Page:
Is Alzheimer's Disease Inherited?
Every illness in life is a product of genes and environment. As a result, all illnesses are, to some extent or another, inherited. In some families, Alzheimer's disease occurs quite commonly. As a rule, for research purposes, we would define Alzheimer's disease as likely inherited when more than one first-degree relative (e.g. a brother or a sister, but not a cousin) is affected in more than one generation. In general, of all people who come to a memory clinic with Alzheimer's disease, only about 5% will have the strongly inherited form.
Figure One. A family tree of an inherited, late-onset Alzheimer's disease
Inherited, late-onset Alzheimer's disease Every row represents a new generation. Boxes are men; circles are women. Diagonal line through the circle or square means that the person has died. An open (white) circle or box shows no disease. A shaded circle or box means that the person has/had Alzheimer's disease).
Looking at Figure 1, A, B and C are all siblings in their early to mid 50s. Their father has just been diagnosed with Alzheimer's disease at the age of 80. His sister also had Alzheimer's disease, as did their father (the grandfather of A, B and C), their father's sister and their father's mother (the great grandmother of A, B and C). For each of the siblings A, B, or C that lives to age 80, their individual risk for late-onset Alzheimer's disease is about one in two.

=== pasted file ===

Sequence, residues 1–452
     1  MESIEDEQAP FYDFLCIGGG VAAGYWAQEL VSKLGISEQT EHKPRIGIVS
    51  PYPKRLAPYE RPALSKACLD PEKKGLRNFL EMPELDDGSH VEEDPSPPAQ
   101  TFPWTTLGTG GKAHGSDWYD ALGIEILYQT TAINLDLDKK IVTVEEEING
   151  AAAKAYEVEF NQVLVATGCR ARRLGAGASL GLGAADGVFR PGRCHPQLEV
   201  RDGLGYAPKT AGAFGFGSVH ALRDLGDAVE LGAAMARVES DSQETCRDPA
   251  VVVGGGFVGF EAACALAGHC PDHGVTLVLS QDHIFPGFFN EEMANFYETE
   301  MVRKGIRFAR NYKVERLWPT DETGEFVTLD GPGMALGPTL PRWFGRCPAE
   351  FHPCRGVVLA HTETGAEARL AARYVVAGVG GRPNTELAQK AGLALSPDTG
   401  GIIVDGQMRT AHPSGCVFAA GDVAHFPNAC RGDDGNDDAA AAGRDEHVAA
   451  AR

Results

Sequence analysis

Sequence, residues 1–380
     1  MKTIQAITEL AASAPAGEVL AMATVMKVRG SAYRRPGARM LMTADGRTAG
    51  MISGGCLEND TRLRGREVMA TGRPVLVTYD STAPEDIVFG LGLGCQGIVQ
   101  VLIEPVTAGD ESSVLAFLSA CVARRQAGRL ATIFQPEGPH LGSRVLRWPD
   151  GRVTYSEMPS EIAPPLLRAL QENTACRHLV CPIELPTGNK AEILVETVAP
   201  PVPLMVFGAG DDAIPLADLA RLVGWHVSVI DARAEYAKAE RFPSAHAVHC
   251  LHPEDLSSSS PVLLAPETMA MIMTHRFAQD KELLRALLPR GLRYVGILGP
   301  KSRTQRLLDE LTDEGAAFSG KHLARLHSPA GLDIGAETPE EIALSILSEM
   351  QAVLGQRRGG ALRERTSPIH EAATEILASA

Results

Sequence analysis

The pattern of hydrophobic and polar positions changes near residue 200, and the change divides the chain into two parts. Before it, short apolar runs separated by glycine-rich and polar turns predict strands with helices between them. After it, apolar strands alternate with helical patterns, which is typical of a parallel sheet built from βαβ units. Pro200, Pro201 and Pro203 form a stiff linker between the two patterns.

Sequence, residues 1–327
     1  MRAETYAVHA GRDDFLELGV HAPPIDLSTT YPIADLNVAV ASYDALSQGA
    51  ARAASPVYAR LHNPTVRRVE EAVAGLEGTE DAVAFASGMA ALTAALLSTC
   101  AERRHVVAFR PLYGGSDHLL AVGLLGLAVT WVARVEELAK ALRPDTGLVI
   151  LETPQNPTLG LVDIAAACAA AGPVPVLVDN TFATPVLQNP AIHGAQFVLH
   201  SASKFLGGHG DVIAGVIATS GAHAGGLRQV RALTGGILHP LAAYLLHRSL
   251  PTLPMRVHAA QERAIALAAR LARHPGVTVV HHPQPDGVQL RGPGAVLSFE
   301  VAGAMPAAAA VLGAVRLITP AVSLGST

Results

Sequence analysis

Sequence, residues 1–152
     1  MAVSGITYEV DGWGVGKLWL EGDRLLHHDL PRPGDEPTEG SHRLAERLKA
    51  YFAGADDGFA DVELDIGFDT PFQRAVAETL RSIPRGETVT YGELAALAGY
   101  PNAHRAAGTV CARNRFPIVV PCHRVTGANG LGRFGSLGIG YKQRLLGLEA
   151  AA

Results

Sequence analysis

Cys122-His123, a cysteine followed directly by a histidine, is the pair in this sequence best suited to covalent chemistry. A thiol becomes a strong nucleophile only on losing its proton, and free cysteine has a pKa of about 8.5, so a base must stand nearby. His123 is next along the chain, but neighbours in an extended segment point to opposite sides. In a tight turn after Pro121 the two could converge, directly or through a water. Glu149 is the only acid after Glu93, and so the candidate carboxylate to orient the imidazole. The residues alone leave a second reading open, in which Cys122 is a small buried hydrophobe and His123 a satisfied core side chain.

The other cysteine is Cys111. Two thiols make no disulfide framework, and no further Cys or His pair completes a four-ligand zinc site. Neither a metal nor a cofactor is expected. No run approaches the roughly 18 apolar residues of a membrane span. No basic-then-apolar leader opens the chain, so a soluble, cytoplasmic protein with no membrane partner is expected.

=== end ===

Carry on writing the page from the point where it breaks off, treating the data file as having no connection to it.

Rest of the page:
For most people, however, there is no more than one person affected in each generation. So for example, an 80-year-old man who is diagnosed with Alzheimer's disease, who had no brothers or sisters affected, would not have an inherited form of the disease. However, the risk to any of his children would be about double the average risk. In this part of the Western world, the average risk is about 10%, so the risk if one parent is affected is about 20%. An example of a family tree with this level of increased risk is shown in Figure 2.
Figure Two. The risk associated with sporadic , late-onset Alzheimer's disease.
Sporadic, late-onset Alzheimer's disease Every row represents a new generation. Boxes are men; circles are women. A diagonal line through the circle or square means that the person has died. An open (white) circle or box shows no disease. A shaded circle or box means that the person has/had Alzheimer's disease.
In this example, A, B, C and D are the adult off-spring in their mid to late 50s, of a father who was just diagnosed with Alzheimer's disease in his 80s. The only other people affected in the family are his aunt (who is not a first degree relative) and his sister-in-law (who is not a blood relation). The risk to A, B, C and D is increased for each of them from the usual population risk (1 in 10) to about twice that (1 in 5).
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About Dementia > Alzheimer's Disease > Prevention